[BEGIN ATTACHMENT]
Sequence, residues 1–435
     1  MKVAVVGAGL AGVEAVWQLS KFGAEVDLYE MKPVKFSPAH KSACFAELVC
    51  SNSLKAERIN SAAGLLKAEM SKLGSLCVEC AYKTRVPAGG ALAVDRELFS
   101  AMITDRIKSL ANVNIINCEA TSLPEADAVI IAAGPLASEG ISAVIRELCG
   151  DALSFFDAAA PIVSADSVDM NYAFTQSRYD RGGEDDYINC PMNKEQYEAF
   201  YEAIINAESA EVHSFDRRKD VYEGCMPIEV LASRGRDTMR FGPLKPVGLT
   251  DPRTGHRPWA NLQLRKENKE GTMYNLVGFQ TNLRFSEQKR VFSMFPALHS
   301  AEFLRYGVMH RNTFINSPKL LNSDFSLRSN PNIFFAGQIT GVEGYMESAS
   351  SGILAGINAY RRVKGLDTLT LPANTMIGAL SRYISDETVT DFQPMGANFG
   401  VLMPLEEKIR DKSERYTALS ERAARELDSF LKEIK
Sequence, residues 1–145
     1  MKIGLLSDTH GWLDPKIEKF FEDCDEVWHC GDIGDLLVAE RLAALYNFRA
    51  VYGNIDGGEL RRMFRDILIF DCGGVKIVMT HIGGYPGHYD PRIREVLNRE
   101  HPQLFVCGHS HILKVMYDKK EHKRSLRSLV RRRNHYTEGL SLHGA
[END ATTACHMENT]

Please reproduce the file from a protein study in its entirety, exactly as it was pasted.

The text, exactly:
Sequence, residues 1–435
     1  MKVAVVGAGL AGVEAVWQLS KFGAEVDLYE MKPVKFSPAH KSACFAELVC
    51  SNSLKAERIN SAAGLLKAEM SKLGSLCVEC AYKTRVPAGG ALAVDRELFS
   101  AMITDRIKSL ANVNIINCEA TSLPEADAVI IAAGPLASEG ISAVIRELCG
   151  DALSFFDAAA PIVSADSVDM NYAFTQSRYD RGGEDDYINC PMNKEQYEAF
   201  YEAIINAESA EVHSFDRRKD VYEGCMPIEV LASRGRDTMR FGPLKPVGLT
   251  DPRTGHRPWA NLQLRKENKE GTMYNLVGFQ TNLRFSEQKR VFSMFPALHS
   301  AEFLRYGVMH RNTFINSPKL LNSDFSLRSN PNIFFAGQIT GVEGYMESAS
   351  SGILAGINAY RRVKGLDTLT LPANTMIGAL SRYISDETVT DFQPMGANFG
   401  VLMPLEEKIR DKSERYTALS ERAARELDSF LKEIK
Sequence, residues 1–145
     1  MKIGLLSDTH GWLDPKIEKF FEDCDEVWHC GDIGDLLVAE RLAALYNFRA
    51  VYGNIDGGEL RRMFRDILIF DCGGVKIVMT HIGGYPGHYD PRIREVLNRE
   101  HPQLFVCGHS HILKVMYDKK EHKRSLRSLV RRRNHYTEGL SLHGA